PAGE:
‘Loophole closed’: Business will have to prove it didn’t underpay workers in unprecedented case

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A law requiring businesses which don’t keep proper wage records to disprove underpayment allegations will be tested in the Federal Circuit Court for the first time.

More than a year after reverse onus of proof laws came into effect, the Fair Work Ombudsman (FWO) will use them in a case against Queensland-based Sushi operator, which is alleged to have underpaid nine workers $19,467.

The first of its kind case could have wide-reaching implications for businesses, particularly if the FWO is buoyed by a successful prosecution.

The business in question is A&K Property Services, which the FWO claims did not keep proper records and failed to issue pay slips.

Workers were allegedly underpaid minimum ordinary hourly rates, as well as penalty and overtime rates. It is also alleged superannuation and leave entitlements were not provided.

The FWO said the “majority” of the underpayments have been rectified, but it is still seeking an order for back-payment of allegedly unpaid superannuation.

The business faces penalties of up to $63,000 per contravention, while one of the directors could be fined more than $25,000.

Acting Fair Work Ombudsman Kristen Hannah said the new laws closed a loophole in the Fair Work Act.

“In the past some employers had avoided facing litigation by FWO because they had breached their record-keeping obligations, and we could not present sufficient evidence in Court to prove underpayments,” Hannah said in a statement.

“Employers should be on notice that this loophole is now closed and the Fair Work Ombudsman will make full use of the new laws to protect vulnerable workers.”

Business to bear the brunt

If the FWO is successful in the case it is likely to significantly lower barriers to future prosecution, Workplace Law managing director Athena Koelmeyer says.

Reversing the onus of proof on businesses which haven’t kept records lowers prosecution costs for the FWO, which in turn could enable it to take cases to Court it otherwise would be unable to.

Reverse onus of proof laws already exist in workplace discrimination and adverse action cases, but those applications differ because they often hinge on subjective intent, rather than payment records which are objective.

Koelmeyer explains the reverse onus law is like a “double whammy” for business owners because the court often has a predisposition towards believing the worker and black letter courts expect evidence to be submitted in a proper form.

“I don’t think SMEs should be surprised if they submit an affidavit saying everyone worked those hours but then the worker says ‘no no, this is what happened’ … and the court then believes the worker,” Koelmeyer tells SmartCompany.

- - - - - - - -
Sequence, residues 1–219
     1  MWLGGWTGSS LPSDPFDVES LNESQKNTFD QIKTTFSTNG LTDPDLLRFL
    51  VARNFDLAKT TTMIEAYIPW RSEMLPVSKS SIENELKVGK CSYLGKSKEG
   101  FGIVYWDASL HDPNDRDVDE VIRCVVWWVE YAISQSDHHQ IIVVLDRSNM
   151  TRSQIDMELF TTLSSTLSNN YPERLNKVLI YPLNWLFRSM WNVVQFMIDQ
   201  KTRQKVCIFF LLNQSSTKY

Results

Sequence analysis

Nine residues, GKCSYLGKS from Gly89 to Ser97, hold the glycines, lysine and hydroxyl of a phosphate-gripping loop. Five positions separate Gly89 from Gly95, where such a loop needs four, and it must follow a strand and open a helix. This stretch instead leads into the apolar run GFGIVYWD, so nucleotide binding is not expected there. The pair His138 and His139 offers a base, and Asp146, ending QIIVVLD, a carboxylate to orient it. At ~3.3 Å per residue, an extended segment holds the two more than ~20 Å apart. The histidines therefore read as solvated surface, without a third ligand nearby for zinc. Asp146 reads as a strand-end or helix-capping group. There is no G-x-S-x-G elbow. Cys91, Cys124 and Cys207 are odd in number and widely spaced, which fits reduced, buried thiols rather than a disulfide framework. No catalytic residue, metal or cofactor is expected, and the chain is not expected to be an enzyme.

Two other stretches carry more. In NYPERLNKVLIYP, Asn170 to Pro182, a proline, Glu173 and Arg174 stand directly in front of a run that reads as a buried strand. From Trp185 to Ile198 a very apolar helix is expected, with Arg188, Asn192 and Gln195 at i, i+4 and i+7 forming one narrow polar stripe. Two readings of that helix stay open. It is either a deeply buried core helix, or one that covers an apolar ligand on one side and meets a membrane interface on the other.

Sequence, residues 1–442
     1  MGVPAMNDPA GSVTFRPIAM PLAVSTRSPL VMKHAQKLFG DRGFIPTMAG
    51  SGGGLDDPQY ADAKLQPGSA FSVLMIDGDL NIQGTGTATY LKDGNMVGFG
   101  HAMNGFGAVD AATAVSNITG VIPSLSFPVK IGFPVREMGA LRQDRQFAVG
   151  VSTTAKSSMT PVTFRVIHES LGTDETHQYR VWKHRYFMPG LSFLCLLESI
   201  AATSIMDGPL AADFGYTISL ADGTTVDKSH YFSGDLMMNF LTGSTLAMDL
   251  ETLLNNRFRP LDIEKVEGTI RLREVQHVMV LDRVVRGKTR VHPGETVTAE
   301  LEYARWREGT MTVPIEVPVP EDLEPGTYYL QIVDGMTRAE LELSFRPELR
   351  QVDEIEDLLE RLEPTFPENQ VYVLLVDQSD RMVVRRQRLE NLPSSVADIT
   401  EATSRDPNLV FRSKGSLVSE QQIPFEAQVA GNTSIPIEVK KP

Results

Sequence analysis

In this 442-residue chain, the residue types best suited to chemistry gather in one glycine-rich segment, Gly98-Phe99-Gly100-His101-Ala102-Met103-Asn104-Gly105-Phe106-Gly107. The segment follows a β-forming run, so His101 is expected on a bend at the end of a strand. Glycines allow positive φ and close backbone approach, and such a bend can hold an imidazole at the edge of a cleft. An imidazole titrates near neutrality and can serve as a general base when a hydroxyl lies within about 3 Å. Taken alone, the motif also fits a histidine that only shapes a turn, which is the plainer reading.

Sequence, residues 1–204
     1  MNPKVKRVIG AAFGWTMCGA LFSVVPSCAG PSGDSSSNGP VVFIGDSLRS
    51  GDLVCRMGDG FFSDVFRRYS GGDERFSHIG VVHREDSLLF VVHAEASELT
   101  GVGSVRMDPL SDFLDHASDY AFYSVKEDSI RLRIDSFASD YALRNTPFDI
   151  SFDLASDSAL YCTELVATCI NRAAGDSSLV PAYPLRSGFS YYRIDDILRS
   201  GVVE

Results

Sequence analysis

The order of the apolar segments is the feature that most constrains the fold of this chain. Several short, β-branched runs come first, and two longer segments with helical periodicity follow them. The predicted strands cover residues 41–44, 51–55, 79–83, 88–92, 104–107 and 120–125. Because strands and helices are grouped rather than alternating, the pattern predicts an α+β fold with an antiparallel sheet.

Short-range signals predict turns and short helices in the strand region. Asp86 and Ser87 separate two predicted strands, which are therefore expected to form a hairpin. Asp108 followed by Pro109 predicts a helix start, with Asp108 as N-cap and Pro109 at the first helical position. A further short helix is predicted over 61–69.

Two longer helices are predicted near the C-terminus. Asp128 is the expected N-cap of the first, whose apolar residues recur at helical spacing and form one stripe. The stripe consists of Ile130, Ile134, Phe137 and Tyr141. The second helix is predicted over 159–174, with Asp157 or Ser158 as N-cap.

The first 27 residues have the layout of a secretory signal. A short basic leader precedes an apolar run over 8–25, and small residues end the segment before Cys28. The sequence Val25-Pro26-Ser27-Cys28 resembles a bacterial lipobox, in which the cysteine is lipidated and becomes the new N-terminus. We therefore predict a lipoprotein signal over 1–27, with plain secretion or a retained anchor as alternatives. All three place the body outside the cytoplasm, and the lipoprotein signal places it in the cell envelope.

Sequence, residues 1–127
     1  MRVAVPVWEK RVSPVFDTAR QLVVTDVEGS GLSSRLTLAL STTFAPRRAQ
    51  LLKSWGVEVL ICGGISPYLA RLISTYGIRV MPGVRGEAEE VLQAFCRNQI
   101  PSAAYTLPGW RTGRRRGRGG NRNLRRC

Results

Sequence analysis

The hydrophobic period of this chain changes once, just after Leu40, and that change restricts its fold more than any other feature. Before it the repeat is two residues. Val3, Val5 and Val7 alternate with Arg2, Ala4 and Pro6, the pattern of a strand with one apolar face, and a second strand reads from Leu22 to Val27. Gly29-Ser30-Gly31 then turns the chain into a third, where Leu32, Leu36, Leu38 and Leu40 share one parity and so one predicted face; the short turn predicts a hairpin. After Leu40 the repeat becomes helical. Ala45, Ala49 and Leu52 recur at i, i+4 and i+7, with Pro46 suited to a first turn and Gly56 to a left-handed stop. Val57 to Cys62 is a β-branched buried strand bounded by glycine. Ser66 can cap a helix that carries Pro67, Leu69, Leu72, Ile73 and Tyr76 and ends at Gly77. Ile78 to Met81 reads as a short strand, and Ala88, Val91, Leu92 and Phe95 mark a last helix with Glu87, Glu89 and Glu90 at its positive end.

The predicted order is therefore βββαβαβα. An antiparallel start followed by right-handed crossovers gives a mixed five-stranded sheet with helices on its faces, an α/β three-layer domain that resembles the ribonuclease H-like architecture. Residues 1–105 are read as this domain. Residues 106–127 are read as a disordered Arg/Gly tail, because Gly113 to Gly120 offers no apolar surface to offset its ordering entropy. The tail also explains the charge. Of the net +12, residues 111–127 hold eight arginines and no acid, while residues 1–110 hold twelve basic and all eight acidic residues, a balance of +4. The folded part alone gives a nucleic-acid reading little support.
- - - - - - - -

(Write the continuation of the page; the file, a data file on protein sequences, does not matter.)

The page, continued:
“Every judge is a little bit different, but by the time you get to this kind of proceeding the FWO is bringing you are in a pretty black letter law court.

“Bearing the onus of proof means you are expected to be able to put your records and evidence into a form the courts will accept,” Koelmeyer explains.

Businesses will be required to meet a burden of proof called the balance of probabilities, which essentially means being able to convince the court that a case is more likely to be right than otherwise.

Having some wage records alongside an affidavit may help a case, but Koelmeyer says being prepared, persuasive and having a good lawyer would be the best defence.

A 2012 High Court Case, Barclay v. Bendigo Tafe, could provide an insight into how the Court handles reverse onus of proof, Koelmeyer says.

“If you get into the witness box and give evidence that is persuasive, that there was no prohibited reasoning in your decision making … then the court will accept that,” she explains.

The nine workers in this case were all South Korean nationals, aged in their 20s and 30s, who were visiting Australia on working holidays and student or vocational education visas.

The FWO is also seeking a Court order which would require the directors to sign up to its online portal and undertake learning courses.

The matter is listed for a directions hearing in the Federal Circuit Court in Brisbane on March 25.

SmartCompany contacted A&K Property Services for comment but did not receive a response prior to publication.

NOW READ: Sushi blitz: Fair Work Ombudsman recovers $746,000 in unpaid wages in targeted audit

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2 years ago

As the lawyer has stated, there’s no such thing as innocent until proven guilty and you’re up against a wall from the beginning. We’ve had experience with this for other legislation for sometime now and it’s exceedingly difficult to convince some judges that the regulator is the one that’s incorrect. The judge presumes that they’re right from the word go, otherwise why take the matter to Court. You need a very good lawyer and barrister or capitulate early on to minimise your costs.